Last month was the second-most active April for tornadoes on record in the United States, with the National Weather Service logging 351 preliminary reports of tornadoes for the month. More than 150 tornadoes were part of a violent outbreak that began Easter Sunday and ravaged parts of the South and Southeast as twisters touched down by the dozen.

This outbreak was one of three particularly busy stretches during the month — a month that also proved the deadliest for tornadoes since May 2013 and has nudged 2020 to the deadliest year since 2011, with 73 fatalities so far. Forty of those deaths occurred in April.

Illustrating their vulnerability to these events, more than twice as many of this year’s deaths occurred in mobile or manufactured homes when compared to site-built residences.

Perhaps most noteworthy were the four violent EF4 tornadoes that occurred during the month — including three within a 20-mile radius in Mississippi in just one week. The fourth struck Hampton County, S.C., marking the Low County’s first EF4 tornado on record.

April 2020 also featured the third-widest tornado on record in the United States, which carved up parts of south central with a maximum width of 2.25 miles. The hyperactive month even bore witness to two tornadic circulations merging over South Carolina.

Easter Sunday outbreak

Twin wedge tornadoes developed in Mississippi, where the small communities of Bassfield, Soso, Laurel and Moss were largely leveled as a 2.25-mile-wide EF4 tornado with 190 mph winds churned through.

Barely a half-hour later, a second storm dropped a mile-wide EF3 to the north. The pair of storms prompted rare “tornado emergencies,” two out of five such dire alerts issued during the outbreak.

Those storms killed 12, the first tornado fatalities since the long-track nocturnal tornadoes that impacted Nashville and surrounding areas in Middle Tennessee on March 2-3.

Another deadly tornado occurred in Murray County in northwestern Georgia late on Easter evening. Seven died in that twister, which was rated an EF2. A tornado warning was not issued until several minutes after the tornado touched down.

A tornado also narrowly missed Atlanta’s Hartsfield Jackson International Airport, the busiest airport in the world.

Overnight, storms merged into an impressive line that swept northeast, spawning tornadoes that caused serious damage and killed several just east of Chattanooga, Tenn. Meanwhile, four deadly tornadoes over South Carolina claimed nine lives, ranking as the deadliest outbreak in the Palmetto State since March 1984.

A tornado in Hampton County, S.C., was rated an EF4, the state’s first since November 1995. It was estimated to have produce winds up to 175 mph.

Further northwest, three or four tornadoes were on the ground simultaneously near Barnwell County, S.C.; two of the tornadic circulations merged in what was an exceptional event.

All told, at least 150 tornadoes touched down during the Easter outbreak, setting a milestone for the third-worst “convective day” for tornadoes on record. (A convective day is a period bounded by when rounds of thunderstorms develop.) Retaining the top spot is the infamous April 2011 Super Outbreak.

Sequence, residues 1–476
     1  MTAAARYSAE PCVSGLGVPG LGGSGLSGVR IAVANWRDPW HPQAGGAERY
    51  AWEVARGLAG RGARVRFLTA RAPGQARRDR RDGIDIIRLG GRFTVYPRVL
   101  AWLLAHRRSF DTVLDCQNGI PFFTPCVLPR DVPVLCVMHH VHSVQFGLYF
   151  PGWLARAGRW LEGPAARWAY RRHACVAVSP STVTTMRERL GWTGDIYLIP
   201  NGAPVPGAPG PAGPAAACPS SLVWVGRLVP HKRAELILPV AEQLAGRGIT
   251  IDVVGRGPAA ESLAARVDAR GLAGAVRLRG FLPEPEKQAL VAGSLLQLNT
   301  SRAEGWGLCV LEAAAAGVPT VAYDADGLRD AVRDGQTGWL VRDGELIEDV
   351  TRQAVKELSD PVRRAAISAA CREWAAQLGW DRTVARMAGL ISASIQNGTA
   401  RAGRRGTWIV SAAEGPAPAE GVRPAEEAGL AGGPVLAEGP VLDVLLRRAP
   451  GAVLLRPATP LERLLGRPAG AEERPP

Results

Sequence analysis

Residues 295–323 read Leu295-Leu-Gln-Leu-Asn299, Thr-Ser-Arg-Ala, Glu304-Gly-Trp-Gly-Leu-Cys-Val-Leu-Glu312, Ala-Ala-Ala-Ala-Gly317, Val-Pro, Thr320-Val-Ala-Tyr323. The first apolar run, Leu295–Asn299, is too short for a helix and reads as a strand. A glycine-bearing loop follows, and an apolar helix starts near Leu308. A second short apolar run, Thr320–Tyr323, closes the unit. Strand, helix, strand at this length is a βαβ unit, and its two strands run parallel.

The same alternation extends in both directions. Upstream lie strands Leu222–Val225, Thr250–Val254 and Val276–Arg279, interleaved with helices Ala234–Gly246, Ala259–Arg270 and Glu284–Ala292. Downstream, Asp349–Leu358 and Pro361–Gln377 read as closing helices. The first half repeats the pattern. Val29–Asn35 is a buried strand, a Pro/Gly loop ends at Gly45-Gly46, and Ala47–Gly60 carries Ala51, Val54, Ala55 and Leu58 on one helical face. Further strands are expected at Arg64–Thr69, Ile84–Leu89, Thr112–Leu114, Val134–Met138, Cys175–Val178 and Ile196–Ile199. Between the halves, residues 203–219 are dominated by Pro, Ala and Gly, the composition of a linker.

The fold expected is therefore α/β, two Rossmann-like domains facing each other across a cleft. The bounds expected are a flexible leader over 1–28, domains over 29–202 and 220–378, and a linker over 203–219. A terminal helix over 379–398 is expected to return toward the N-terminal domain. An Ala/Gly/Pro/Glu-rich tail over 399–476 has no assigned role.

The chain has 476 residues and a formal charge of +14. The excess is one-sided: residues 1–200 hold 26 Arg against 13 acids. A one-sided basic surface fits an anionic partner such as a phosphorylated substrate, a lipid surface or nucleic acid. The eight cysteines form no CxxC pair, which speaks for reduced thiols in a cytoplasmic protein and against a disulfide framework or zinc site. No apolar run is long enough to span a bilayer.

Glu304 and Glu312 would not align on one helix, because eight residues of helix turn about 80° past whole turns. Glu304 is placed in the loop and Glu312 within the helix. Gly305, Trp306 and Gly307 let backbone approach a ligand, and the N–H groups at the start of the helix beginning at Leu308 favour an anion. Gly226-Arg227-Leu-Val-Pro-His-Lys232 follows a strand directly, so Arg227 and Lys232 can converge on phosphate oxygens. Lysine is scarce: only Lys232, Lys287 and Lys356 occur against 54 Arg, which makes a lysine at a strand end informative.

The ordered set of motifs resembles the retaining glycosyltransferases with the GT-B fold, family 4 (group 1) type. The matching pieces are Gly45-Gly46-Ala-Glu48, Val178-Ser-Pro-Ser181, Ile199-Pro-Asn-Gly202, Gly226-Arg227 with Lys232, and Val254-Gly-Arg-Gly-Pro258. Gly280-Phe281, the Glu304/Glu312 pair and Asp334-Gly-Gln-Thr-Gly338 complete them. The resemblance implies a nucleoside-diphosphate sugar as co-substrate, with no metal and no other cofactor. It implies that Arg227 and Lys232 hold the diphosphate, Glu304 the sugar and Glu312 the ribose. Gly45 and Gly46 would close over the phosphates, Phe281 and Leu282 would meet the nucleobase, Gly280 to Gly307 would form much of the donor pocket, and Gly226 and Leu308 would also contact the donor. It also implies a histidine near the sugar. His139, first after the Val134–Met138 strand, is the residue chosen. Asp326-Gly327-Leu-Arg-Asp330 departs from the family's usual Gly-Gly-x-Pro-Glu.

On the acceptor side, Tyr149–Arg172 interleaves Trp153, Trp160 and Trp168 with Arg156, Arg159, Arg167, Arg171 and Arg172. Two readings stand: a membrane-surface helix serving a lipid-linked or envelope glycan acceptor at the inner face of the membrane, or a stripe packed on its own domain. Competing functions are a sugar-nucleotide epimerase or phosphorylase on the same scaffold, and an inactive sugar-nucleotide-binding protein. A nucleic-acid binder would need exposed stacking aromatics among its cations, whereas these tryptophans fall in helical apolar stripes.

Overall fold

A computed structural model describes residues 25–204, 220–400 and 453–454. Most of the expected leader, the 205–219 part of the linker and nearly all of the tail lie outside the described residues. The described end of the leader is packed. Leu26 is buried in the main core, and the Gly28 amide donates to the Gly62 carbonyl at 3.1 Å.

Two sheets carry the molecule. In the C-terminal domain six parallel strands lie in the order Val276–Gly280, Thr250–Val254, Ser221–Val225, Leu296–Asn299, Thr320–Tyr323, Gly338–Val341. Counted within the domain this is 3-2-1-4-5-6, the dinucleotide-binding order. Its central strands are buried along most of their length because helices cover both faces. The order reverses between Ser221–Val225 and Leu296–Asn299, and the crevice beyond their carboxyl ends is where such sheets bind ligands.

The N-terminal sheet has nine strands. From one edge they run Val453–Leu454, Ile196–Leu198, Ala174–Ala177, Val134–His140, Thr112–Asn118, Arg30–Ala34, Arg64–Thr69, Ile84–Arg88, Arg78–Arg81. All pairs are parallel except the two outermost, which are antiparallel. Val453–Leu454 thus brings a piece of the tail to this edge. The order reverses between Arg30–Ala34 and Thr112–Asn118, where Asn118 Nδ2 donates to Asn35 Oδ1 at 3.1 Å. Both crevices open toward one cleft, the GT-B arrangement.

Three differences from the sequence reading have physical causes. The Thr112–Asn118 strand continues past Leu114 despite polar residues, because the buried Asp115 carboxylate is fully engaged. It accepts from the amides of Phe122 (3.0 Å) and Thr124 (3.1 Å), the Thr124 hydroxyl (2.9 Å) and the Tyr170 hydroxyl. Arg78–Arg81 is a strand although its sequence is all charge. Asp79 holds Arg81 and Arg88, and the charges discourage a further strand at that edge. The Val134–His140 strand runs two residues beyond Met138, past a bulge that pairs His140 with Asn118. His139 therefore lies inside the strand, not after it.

During this outbreak, the National Weather Service issued its greatest number of tornado warnings in 24 hours since 2012.

The South would have only a few days to pick up the pieces left behind by the Easter outbreak before another exceptional storm system arrived the following Sunday.

April 19-20 outbreak

A violent tornado emerged from roiling storm clouds in south-central Mississippi on April 19, killing one as the vortex terrorized Hurricane Creek, Sandy Hook and Pine Burr, Miss. That tornado, the fifth EF4 of 2020, touched down less than 30 miles south of where two other deadly EF4s occurred during the Easter outbreak.

A couple additional tornadoes spun up in Alabama and Georgia before the storm system gave rise to a more significant spattering of twisters in Florida the next day.

April 22-23 outbreak

Only a couple of days later, yet another significant outbreak occurred, as four rotating supercell thunderstorms marched across Interstate 35 in south-central Oklahoma. Two people were killed in Madill as a highly photogenic, dusty twister danced beneath an eerily sunlit sky.

Farther to the south, an even more potent thunderstorm developed. That rotating supercell thunderstorm would then travel across three states over the course of six-plus hours. It dropped an EF3 tornado on Onalaksa, Tex., killing three before producing additional tornadoes in Louisiana and Mississippi. Two more tornado emergencies were issued for this storm — one for Jasper, Tex., and one for Fort Polk, La.

All told, that outbreak resulted in more than 40 tornadoes.

More activity to come

April as a whole was the deadliest month for tornadoes in the United States since May 2013, when hellacious tornadoes razed neighborhoods in Moore, Okla., and killed storm chasers in El Reno, Okla., during the span of a furious two-week period. While a brief lull in the vicious swarms of storms is anticipated for the next week or two, a return to average or above-average conditions is possible during the latter half of May.

For parts of the South, the month bears shades of April 2011, when perhaps the most prolific tornado outbreak on record yielded dozens of strong to violent tornadoes, including several EF5s and a number of EF4s. That system prompted renewed conversations about tornado risk in highly vulnerable areas outside of traditional “Tornado Alley.”